qpid-dev mailing list archives

Site index · List index
Message view « Date » · « Thread »
Top « Date » · « Thread »
From "John O'Hara" <john.r.oh...@gmail.com>
Subject Re: C++ logging - anyone heard of pantheios?
Date Wed, 09 May 2007 23:38:12 GMT
Fancy backends?

Its "only" logging - I've found the entire world resolves down to files and
syslog; any fanciness tends to go the way of the dinosaur by being too
complex for joe average </speaking-from-bitter-experience>

With files (pipes) and syslog its amazing what you can do.

I do like the rlog idea -- seems very "dtrace" in its conception.  Cool, but
too cool for its own good?
As you say, thread nastiness may await where a hardware platform cant
replace a function pointer in one atomic memory write.

John

On 08/05/07, Alan Conway <aconway@redhat.com> wrote:
>
> On Mon, 2007-05-07 at 15:09 -0700, Garth J Lancaster wrote:
> >
> > Alan Conway-2 wrote:
> > >
> > > On Sun, 2007-05-06 at 14:50 -0700, Garth J Lancaster wrote:
> > >>
> > >> Alan Conway-2 wrote:
> > >> >
> > >
> > > Don't get me wrong - I'm impressed with Pantheios run-time performance
> > > and the clever use of string-shims. I will eventually build the
> > > performance tests and depeding on how it fares vs. rlog and some
> > > thoughts of my own I'll consider it seriously for my project.
> > >
> > > Cheers,
> > > Alan.
> > >
> > >
> >
> > Cool  .. remember, its only released so far as Beta  ;-)
> >
> > Obviously the number of library-objects it builds at the moment is an
> issue
> > - one that has been discussed with Matthew, and, some consolidation
> could be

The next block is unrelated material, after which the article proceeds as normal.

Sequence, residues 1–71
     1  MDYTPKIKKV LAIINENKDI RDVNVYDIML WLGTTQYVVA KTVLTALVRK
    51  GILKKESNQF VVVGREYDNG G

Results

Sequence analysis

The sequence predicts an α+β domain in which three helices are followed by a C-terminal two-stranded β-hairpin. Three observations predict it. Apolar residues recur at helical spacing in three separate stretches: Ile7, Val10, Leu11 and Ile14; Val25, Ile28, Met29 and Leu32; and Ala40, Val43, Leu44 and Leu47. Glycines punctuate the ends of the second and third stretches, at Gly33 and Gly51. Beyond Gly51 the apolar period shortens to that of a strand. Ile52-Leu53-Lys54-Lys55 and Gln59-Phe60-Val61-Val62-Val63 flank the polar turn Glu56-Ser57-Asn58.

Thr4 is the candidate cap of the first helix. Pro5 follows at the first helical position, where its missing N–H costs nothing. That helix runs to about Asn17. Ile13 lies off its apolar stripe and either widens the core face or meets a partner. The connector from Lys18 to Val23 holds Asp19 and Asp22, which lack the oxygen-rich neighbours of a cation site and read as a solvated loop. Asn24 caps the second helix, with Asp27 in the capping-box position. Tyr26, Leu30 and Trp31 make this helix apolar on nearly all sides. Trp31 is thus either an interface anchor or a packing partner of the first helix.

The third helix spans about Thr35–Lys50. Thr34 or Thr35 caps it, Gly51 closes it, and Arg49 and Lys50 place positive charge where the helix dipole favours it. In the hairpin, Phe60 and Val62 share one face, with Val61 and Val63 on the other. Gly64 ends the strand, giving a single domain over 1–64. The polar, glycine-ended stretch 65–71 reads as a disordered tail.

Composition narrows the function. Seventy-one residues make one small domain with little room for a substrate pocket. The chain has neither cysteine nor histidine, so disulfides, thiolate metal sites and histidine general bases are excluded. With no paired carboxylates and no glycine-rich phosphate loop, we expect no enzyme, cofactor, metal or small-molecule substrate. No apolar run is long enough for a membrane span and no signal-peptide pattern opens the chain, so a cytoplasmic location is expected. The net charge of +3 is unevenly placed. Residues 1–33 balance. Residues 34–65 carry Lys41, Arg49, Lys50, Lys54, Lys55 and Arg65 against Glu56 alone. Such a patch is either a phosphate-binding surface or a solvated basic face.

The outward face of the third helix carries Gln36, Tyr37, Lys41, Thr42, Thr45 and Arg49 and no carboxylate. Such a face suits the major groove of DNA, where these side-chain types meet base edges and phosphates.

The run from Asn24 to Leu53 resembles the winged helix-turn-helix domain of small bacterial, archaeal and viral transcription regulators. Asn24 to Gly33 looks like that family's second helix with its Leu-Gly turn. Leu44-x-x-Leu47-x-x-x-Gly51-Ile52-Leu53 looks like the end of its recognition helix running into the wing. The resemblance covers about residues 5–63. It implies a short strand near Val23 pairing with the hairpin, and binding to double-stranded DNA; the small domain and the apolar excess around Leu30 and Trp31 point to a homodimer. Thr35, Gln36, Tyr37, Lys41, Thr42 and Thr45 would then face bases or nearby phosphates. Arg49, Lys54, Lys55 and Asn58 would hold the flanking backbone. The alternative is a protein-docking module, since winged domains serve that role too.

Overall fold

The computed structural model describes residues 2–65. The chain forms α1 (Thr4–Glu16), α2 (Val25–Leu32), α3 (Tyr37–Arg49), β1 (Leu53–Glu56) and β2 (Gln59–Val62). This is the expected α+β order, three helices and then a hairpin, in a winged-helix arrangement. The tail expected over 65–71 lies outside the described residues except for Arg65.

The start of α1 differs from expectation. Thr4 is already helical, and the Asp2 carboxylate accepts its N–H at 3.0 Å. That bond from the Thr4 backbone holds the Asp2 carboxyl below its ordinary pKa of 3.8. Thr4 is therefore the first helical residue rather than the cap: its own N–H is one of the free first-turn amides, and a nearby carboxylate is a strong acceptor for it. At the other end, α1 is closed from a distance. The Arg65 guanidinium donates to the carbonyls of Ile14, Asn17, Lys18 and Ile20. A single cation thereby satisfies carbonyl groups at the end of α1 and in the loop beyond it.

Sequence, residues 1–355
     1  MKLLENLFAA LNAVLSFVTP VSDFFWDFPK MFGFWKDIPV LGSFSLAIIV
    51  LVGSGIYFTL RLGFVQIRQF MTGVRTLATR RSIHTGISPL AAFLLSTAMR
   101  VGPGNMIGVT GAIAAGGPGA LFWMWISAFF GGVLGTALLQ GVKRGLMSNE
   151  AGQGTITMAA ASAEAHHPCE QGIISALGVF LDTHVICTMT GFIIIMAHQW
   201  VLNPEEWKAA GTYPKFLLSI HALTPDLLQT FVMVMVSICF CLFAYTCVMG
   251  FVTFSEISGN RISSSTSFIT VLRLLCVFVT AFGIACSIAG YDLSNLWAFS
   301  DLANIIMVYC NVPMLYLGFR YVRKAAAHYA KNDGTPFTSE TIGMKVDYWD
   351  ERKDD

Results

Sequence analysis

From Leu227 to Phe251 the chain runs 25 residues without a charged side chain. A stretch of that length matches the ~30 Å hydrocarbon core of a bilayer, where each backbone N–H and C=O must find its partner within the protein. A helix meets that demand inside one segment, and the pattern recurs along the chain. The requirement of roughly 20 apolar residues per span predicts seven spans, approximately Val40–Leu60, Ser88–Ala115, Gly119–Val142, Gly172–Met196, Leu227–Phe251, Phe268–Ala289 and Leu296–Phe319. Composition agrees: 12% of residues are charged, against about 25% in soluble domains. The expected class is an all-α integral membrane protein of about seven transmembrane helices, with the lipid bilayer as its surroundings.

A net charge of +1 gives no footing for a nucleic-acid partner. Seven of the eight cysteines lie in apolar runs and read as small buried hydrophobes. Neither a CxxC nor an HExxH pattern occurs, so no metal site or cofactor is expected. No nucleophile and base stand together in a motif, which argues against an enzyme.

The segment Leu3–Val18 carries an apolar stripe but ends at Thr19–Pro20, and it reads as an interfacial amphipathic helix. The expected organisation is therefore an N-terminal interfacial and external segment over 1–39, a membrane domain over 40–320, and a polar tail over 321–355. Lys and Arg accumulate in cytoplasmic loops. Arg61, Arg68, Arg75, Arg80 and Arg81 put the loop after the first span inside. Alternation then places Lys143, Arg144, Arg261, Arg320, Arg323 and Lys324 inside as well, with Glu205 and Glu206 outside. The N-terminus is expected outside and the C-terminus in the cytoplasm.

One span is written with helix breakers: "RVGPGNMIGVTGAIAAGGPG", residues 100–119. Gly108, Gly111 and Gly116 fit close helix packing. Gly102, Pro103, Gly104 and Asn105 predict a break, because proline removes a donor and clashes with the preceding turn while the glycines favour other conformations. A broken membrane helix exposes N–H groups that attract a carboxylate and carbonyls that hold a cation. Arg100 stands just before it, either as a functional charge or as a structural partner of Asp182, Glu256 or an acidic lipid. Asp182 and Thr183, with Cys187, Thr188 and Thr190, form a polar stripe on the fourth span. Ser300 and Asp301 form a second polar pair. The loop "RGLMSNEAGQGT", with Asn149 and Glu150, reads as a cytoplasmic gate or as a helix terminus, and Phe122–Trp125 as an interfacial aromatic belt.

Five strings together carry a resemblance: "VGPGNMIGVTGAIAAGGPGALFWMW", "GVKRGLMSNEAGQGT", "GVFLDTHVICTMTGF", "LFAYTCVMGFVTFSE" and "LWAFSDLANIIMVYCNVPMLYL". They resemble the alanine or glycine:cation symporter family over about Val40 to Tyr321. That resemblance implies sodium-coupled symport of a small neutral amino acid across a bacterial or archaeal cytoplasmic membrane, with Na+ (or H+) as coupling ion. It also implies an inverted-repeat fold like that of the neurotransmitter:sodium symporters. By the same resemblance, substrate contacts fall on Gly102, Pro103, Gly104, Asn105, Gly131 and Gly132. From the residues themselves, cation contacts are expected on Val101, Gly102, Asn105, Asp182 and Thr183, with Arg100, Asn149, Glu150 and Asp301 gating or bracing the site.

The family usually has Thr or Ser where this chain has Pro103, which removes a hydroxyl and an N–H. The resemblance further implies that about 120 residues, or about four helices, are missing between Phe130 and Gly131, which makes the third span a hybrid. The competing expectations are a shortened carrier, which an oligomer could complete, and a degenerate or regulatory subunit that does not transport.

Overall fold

> > achieved.
> >
> > You seem very experienced Alan (not blowing smoke) - What would you like
> to
> > see ? - Im not sure it can get down to one library per platform, but
> there
> > may be some better groupings, outside of the 'standard'
> > debug/release/single-thread/multi-thread type builds ....
>
> I'd suggest making those type of distinctions build-time descisions,
> i.e. pass some flags to indicate what you want, and only generate libs
> for that setting.
>
> Project I'm working on now uses autoconf, it's not my favorite tool and
> it's a pain to set up (I had a friendly autoconf expert) but once it's
> set up it doesn't take much maintenance. The advantage is it's very
> widely used in the open source C/C++ world so lots of people are
> familiar with the "./configure; make" routine and the make targets are
> standard. So you might have a default build produce non-debug,
> thread-safe libs (or whatever you think is the most likely combination
> to be deployed) and users can pass flags for other alternatives e.g. if
> I want non-threaded and I'm using gcc and want debug info optimized for
> gdb I'd do
>
> ./configure --without-threads CPPFLAGS=-ggdb ; make
>
> autoconf supports multiple builds with different configurations from the
> same source so people who really want to build all the options can do
> so. It also tackles many nasty portability problems for you, so you end
> up with a single Makefile template and ./configure generates a Makefile
> tweaked for the platform you're running on.
>
> There are other similar tools, I've used Imake (and wouldn't recommend
> it!) and heard that cmake is more user friendly but no experience.
>
> Then I'd break down libraries by functionality, aiming for a single lib
> that does what most people want, and maybe some add-ons for less often
> used functionality that's unsuitable for the main lib e.g. because it
> has some overhead associated or is incompatible in some way with things
> some people might want to do.
>
> As a user of pantheios I know I'll need syslog and file backends as a
> baseline, but I'd like my users to be able to enable additional funky
> backends that I may not even know of yet, so being able to load back-end
> shared libs dynamically based on some configuration would be very cool.
>
> Cheers,
> Alan.
>
>

Mime
  • Unnamed multipart/alternative (inline, None, 0 bytes)
View raw message